In a time of fiscal austerity in government, the pay levels for senior civil servants have come under increasing scrutiny. Sandy Pepper finds that despite the public’s seeming opposition to high pay in the public sector, there are no easy fixes, and that some of the recommendations in Will Hutton’s review may actually have the opposite outcome to what is intended.
Problems, according to Rittel and Webster in an obscure but incredibly insightful article published in Policy Sciences in 1973, are either “tame” or “wicked”. A tame problem, on the one hand, is capable of a technical solution, for example by finding an expert with the necessary knowledge. A wicked problem, on the other hand, is not. Wicked problems are non-standard and context dependent. They are, in the words of Keith Grint, “open to better or worse developments, but not right or wrong solutions”.
Will Hutton’s review of fair pay in the public sector (not to be confused with Lord Hutton’s report on public sector pensions) recognises that executive pay is a wicked problem. He therefore rightly rejects technical solutions such as the 20 to 1 maximum pay multiple proposed by the Government after the last election. Pay caps generally don’t work. They don’t take account of the diverse nature of public sector organisations, some employing only highly skilled technical staff and others with large numbers of unskilled or semi-skilled workers: fixed multiples applied in such circumstances risk producing bizarre results.
Pay caps quickly become pay targets, leading to averaging up of total reward. Perverse incentives are created, such as outsourcing certain activities solely to remove lower paid staff from the payroll. Instead the Hutton review proposes a complex set of measures, including a focus on fairness (“due desert” in Hutton’s rather old fashioned terminology), greater transparency (for example through “fair pay reports”), and incorporating “earn-back” provisions into the employment contracts of public servants to prevent salaries from being paid in full in the event of underperformance. Hutton advocates a “fair pay code” as part of an attempt to force labour markets to take account of societal norms of what constitutes fair pay.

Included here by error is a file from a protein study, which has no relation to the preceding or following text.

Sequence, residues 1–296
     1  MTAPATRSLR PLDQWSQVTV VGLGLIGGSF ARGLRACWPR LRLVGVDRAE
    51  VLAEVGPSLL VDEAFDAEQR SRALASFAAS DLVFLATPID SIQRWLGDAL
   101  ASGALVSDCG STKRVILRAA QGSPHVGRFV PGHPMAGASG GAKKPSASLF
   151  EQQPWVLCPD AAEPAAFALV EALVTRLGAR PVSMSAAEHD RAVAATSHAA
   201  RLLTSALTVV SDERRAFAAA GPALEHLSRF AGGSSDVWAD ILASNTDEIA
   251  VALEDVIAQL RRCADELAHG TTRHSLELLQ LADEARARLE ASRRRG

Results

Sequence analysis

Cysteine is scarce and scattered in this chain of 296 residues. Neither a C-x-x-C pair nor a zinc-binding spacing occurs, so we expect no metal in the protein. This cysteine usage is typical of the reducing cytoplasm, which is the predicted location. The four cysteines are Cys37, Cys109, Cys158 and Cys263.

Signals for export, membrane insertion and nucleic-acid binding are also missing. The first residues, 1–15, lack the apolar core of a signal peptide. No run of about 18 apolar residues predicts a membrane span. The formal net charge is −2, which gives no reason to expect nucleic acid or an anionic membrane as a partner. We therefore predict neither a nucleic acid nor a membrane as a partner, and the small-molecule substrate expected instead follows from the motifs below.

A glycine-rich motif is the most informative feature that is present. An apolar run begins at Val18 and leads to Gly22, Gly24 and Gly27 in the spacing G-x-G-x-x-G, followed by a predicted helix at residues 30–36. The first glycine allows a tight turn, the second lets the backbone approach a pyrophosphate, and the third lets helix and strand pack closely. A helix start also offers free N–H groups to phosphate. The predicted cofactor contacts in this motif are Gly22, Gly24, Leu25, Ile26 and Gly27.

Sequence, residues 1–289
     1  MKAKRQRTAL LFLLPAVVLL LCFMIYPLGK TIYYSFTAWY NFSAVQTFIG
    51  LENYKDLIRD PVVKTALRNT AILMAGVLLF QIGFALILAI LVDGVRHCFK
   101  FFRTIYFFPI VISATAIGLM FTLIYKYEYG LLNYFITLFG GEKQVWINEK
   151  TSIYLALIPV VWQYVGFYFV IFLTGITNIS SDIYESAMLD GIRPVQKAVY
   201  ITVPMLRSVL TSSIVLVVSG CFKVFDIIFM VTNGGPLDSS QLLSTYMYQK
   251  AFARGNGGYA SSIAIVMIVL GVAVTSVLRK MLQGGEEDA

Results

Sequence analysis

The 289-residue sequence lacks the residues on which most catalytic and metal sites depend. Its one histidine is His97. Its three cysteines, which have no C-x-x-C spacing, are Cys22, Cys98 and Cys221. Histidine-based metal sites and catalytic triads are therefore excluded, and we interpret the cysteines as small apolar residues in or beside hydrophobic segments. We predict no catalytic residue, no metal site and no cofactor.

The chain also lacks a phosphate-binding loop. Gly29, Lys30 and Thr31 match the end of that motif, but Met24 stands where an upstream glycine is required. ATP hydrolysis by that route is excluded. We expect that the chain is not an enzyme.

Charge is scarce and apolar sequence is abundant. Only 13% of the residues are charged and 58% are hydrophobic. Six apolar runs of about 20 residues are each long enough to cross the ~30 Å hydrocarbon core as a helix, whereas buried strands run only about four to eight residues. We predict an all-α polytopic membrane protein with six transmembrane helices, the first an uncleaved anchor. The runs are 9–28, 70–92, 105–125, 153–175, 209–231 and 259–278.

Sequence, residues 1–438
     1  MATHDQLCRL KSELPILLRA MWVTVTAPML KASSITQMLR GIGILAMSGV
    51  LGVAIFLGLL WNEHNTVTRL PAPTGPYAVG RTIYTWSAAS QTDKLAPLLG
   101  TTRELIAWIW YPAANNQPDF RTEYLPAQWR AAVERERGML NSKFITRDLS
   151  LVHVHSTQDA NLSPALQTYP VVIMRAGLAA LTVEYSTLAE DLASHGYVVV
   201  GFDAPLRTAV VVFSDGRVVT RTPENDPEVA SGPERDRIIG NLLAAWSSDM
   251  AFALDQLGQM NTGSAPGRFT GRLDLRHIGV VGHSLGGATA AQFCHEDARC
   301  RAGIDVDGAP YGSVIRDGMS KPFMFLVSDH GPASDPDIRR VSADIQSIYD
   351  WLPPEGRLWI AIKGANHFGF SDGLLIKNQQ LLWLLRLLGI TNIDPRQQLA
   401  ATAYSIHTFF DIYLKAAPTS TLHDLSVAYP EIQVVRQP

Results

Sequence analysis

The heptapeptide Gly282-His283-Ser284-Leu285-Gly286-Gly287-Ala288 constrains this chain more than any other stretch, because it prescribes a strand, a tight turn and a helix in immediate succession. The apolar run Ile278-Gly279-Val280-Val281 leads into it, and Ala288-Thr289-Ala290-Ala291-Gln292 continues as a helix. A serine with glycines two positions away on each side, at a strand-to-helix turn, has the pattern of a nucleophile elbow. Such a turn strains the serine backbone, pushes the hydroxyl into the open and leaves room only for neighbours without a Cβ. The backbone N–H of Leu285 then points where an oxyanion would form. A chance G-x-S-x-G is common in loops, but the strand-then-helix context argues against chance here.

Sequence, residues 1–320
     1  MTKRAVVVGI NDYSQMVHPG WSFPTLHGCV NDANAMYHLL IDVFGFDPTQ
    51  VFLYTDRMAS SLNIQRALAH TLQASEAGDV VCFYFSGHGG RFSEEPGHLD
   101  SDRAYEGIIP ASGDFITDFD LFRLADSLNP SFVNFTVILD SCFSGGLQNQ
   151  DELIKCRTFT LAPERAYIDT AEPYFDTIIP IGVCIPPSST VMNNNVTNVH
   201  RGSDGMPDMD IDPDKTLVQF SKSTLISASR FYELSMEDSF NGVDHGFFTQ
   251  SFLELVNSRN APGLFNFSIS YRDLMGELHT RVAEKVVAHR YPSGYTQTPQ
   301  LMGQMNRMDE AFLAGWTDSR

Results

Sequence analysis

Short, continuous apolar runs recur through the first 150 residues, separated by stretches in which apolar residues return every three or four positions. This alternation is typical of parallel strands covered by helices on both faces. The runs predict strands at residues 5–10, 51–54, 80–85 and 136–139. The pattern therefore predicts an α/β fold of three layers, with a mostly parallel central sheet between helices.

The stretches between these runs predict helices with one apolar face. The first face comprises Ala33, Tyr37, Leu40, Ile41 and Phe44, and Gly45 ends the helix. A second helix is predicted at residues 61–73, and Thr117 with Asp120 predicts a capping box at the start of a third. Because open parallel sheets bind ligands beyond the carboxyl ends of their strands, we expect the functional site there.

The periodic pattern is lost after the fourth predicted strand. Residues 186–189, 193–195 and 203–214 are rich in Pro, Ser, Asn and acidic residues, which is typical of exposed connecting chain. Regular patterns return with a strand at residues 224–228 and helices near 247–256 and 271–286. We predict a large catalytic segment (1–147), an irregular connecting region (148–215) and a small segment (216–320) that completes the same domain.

All of this is very worthy, and probably directionally correct, but nevertheless unlikely to succeed by itself. The first problem is that the pay of senior executives behaves in much the same way as the price of luxury or “Veblen” goods (after Thorstein Veblen’s The Theory of the Leisure Classes), where demand goes up if prices rise and down if prices fall. Evidence shows that enhancing the level of disclosure of senior executive reward leads to an increase in average executive pay levels, as lower paid executives use newly available data to negotiate pay rises.
This is precisely what happened in the 1990s when detailed disclosure of company directors’ pay was enforced by legislation in the United Kingdom. The second problem is that fairness is incredibly difficult to institutionalise in a formal or informal way. Economists struggle to conceptualise fairness: efficiency (which is to economics what justice is to law or health is to medicine) is hard enough to define. It is even harder to see how the concept of fairness can be readily incorporated into the economic calculus. Edward Zajac’s Political Economy of Fairness (1996) provides an examination of the issues.
Will Hutton deserves credit for recognising the wickedness of the problem of executive pay, for avoiding simplistic solutions, and for trying to work towards the deep issues that lie at the heart of the problem. But there is more work to be done.